While military aid to Israel uses taxpayer money to further equip the most militarized nation in the Middle East, debt relief to Puerto Rico addresses the immediate need of struggling U.S. taxpayers. Too frequently it seems our fiscal sense is disconnected from common sense. Our country was founded on the self-evident truths that everyone is created equal and endowed with certain unalienable rights. In a world filled with money and potential profit, however, these rights often become mere footnotes in discussions about dividends and economic growth. U.S. arms manufacturers receive good business from Israel because of military aid, while Puerto Rico doesn’t seem to have much to offer.

As Brethren, we tout our tagline “Peacefully, Simply, Together” but often forget its implications. We are called to be peaceful, acting from a place of love and support. We are called to live simply, to walk with God rather than join the rat race. Finally, we are called together to be strengthened as a community of faith. These three pillars rest on the recognition that every person is a precious creation made in the image of God. This belief undergirds our work through Global Mission and Service and within our own communities. It is a foundation for witness that gives us a prophetic voice.

Recalling that our political system is founded on the equal rights of everyone to pursue life, liberty, and the pursuit of happiness, we must use our prophetic voice to remind those with power that such rights cannot be ignored, that each person has inherent value deeper and more beautiful than market value, that military excess works against the pursuit of peace and simplicity. Our elected officials must be reminded that they serve the People, especially the citizens of Puerto Rico.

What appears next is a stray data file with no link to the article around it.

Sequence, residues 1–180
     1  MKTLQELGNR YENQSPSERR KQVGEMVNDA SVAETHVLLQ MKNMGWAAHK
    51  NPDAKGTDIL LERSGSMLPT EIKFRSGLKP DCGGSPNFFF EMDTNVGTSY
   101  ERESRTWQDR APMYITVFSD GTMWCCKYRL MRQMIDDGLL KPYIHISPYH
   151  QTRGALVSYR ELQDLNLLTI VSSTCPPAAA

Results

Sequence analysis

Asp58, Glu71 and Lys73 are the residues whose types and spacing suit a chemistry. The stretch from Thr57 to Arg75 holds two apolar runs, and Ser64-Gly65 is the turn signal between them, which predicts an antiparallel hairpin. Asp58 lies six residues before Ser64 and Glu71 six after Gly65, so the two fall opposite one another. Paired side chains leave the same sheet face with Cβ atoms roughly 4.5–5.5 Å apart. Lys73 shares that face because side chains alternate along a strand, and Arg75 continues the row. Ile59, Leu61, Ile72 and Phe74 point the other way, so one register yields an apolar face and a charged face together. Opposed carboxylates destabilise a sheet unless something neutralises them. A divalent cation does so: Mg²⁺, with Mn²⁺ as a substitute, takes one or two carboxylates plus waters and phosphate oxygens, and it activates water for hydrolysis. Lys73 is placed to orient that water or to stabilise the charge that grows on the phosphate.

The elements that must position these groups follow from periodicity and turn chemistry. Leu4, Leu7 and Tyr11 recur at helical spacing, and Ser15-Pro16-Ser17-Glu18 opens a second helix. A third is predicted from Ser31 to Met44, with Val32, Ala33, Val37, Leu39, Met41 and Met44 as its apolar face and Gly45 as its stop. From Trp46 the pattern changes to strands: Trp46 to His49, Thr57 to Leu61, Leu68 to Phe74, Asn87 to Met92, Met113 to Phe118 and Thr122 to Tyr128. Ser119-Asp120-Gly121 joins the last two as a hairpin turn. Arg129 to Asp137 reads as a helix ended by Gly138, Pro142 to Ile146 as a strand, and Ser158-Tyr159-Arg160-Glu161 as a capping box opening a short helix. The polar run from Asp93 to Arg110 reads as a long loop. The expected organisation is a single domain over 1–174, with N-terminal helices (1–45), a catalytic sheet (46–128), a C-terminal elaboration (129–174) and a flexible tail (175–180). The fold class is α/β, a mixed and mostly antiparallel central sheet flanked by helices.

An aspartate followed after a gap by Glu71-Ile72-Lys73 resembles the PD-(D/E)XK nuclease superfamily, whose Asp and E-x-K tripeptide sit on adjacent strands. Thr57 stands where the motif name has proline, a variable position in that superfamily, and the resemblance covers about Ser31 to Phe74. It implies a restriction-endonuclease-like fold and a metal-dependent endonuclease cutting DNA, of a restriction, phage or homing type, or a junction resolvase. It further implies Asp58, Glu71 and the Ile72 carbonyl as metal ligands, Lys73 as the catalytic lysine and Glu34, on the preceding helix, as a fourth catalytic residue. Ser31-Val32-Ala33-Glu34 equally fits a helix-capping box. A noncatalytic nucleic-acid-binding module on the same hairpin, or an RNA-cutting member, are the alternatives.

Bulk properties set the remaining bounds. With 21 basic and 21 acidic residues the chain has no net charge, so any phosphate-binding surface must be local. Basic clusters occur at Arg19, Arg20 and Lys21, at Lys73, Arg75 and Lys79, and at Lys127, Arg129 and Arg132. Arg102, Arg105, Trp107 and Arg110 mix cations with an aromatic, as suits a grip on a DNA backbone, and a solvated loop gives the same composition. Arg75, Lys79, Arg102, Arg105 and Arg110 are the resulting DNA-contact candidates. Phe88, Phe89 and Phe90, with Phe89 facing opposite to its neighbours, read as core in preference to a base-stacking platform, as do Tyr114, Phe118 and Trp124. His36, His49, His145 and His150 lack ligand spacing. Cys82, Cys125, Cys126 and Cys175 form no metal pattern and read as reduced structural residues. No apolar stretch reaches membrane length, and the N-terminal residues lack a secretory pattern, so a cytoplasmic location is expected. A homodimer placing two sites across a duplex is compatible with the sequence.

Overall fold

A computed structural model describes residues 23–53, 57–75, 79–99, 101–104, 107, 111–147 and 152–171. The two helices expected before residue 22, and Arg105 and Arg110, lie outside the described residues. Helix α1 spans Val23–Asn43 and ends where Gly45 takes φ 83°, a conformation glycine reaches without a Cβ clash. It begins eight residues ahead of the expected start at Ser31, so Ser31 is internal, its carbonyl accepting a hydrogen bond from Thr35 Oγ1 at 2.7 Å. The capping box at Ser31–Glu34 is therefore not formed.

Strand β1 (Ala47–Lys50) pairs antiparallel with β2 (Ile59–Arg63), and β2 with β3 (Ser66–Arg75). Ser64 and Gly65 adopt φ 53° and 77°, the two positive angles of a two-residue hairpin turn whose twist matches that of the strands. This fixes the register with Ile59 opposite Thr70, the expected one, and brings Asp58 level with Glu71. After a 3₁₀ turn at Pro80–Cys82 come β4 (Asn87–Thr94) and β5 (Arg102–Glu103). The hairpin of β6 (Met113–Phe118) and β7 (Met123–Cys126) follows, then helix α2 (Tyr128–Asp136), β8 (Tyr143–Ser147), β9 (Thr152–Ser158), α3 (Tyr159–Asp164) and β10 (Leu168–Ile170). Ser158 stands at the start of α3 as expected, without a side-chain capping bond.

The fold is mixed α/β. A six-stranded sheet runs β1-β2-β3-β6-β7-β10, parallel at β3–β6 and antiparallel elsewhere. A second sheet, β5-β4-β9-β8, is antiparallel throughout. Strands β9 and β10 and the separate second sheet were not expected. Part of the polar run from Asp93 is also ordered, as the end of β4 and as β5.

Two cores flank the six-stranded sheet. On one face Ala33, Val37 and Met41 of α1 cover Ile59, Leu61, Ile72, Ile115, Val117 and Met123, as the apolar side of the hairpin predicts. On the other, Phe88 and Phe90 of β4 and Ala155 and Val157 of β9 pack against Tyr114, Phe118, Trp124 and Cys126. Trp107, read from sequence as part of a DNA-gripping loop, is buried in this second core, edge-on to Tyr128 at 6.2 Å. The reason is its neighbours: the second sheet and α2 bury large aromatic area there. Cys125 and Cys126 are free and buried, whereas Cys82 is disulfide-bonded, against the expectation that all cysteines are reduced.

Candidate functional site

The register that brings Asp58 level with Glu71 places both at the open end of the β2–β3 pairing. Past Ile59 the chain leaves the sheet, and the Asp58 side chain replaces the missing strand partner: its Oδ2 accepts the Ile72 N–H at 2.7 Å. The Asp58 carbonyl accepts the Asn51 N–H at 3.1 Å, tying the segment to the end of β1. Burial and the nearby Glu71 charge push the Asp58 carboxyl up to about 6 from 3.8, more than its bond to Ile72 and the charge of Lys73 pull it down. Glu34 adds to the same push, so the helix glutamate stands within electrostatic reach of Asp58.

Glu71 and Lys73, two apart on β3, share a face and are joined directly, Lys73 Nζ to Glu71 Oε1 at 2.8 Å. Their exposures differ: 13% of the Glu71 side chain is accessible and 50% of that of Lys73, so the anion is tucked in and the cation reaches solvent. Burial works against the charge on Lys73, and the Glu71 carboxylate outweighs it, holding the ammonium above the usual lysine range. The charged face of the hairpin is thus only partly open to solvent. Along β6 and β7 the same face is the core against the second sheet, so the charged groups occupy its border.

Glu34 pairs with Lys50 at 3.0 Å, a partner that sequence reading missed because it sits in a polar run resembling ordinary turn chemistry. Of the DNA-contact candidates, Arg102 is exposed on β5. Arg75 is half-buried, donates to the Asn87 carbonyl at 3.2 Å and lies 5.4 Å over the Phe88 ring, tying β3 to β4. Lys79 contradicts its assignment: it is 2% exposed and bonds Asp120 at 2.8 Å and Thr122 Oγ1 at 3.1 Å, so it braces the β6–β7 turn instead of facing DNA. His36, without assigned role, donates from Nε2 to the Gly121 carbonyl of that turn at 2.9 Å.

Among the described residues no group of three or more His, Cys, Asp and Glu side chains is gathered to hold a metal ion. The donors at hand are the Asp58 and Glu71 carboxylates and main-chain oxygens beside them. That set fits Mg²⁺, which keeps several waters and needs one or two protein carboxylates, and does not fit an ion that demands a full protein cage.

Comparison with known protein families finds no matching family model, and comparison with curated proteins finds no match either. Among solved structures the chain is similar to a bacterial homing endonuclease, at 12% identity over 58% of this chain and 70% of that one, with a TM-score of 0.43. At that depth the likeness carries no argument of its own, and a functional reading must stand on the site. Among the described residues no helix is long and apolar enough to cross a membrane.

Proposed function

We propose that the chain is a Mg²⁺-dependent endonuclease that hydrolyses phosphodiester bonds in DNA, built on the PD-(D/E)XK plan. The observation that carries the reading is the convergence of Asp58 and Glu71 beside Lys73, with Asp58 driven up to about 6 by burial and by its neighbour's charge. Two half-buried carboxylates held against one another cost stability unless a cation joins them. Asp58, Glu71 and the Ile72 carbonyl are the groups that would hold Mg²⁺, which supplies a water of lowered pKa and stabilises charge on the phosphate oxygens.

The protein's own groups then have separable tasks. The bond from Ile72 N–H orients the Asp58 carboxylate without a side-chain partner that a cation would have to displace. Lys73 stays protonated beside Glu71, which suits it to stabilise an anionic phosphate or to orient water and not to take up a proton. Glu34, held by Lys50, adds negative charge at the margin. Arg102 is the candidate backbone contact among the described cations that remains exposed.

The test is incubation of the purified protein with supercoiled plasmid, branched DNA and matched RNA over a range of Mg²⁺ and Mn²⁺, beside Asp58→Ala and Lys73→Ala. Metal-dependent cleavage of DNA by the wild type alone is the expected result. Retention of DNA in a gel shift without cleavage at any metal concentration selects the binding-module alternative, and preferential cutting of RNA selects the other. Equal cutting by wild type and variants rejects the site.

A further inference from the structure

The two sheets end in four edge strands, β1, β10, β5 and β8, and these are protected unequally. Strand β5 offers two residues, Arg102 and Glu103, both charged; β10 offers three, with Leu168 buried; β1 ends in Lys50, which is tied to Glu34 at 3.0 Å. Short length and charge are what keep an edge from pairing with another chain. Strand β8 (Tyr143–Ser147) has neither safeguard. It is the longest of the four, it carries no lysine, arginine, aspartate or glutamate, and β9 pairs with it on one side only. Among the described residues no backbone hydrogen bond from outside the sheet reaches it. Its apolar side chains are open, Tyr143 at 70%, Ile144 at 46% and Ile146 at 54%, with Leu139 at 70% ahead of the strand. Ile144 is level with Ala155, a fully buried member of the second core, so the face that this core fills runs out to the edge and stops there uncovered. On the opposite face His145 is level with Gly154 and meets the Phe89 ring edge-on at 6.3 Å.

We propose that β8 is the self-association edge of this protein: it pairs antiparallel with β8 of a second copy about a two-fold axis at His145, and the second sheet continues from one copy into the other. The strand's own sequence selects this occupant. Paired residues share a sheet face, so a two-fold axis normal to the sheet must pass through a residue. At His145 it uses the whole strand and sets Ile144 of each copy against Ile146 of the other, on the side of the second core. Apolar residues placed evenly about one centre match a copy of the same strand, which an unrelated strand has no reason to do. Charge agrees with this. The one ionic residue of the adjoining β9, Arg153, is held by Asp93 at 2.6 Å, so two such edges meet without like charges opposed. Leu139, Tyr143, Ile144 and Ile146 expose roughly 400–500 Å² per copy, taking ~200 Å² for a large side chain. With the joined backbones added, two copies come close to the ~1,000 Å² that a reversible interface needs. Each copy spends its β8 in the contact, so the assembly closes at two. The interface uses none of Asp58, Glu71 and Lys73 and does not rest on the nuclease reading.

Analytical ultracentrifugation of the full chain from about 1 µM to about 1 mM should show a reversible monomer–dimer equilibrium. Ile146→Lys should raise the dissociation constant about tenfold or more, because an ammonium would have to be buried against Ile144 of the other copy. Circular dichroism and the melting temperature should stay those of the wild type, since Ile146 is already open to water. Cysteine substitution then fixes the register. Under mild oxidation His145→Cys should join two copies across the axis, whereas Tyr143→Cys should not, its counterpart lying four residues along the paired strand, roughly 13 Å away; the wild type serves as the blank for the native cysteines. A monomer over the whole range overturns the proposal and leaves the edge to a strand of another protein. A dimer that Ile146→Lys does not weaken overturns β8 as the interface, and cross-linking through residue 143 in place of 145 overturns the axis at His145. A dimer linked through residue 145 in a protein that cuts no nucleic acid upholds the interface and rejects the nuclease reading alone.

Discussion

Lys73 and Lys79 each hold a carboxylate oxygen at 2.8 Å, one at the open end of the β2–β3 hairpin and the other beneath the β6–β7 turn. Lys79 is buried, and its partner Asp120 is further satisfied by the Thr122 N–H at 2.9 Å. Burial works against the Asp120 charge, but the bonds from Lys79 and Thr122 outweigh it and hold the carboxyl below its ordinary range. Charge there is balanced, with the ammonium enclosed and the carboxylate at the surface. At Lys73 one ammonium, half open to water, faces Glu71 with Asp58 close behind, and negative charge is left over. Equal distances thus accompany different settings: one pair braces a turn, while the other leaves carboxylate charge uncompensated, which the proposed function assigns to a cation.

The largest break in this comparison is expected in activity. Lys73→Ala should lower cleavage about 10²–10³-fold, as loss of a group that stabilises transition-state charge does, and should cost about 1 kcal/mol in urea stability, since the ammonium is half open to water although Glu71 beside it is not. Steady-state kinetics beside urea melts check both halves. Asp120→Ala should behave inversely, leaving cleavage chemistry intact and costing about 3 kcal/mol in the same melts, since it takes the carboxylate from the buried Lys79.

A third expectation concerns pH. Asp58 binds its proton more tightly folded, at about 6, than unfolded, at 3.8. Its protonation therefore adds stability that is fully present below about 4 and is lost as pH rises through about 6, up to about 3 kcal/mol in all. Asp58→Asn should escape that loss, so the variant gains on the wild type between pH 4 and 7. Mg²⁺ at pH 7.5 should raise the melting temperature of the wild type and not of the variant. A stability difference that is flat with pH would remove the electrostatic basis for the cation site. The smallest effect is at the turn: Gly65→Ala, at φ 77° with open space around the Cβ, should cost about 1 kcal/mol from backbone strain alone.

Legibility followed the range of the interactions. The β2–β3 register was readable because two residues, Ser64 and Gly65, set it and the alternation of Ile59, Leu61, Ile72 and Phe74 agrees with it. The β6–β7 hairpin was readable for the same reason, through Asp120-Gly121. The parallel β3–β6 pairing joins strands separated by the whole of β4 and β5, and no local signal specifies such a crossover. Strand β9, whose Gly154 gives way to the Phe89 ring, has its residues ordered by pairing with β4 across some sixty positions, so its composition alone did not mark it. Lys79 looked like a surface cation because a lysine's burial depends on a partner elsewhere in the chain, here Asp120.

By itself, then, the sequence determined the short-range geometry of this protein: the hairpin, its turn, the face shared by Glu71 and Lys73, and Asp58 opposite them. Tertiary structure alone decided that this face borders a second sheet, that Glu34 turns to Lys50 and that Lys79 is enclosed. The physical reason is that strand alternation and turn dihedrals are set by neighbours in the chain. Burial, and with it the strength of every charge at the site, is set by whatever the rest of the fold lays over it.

Today, the Office of Public Witness joined several other faith-based organizations in denouncing U.S. military aid and arms trade in the Middle East, including Israel. The Office also works with Jubilee USA, an organization focused on providing debt relief. Check out their website for more information about Puerto Rico and how you can get involved.

In Christ’s Peace,

Jesse Winter
Peacebuilding and Policy Associate
Office of Public Witness
Washington, DC

Critical seeds project is underway

Homes and Land at the Care-Center

Homes and Land at the Care-Center

A large part of the Nigeria Crisis Response in 2016 is providing seeds for this planting season. The first distribution took place at one of our care-centers near Abuja. The disaster team coordinated the distribution. The care-center includes enough land to give each of the 70 households a small plot. People can also rent additional lands to produce more crops.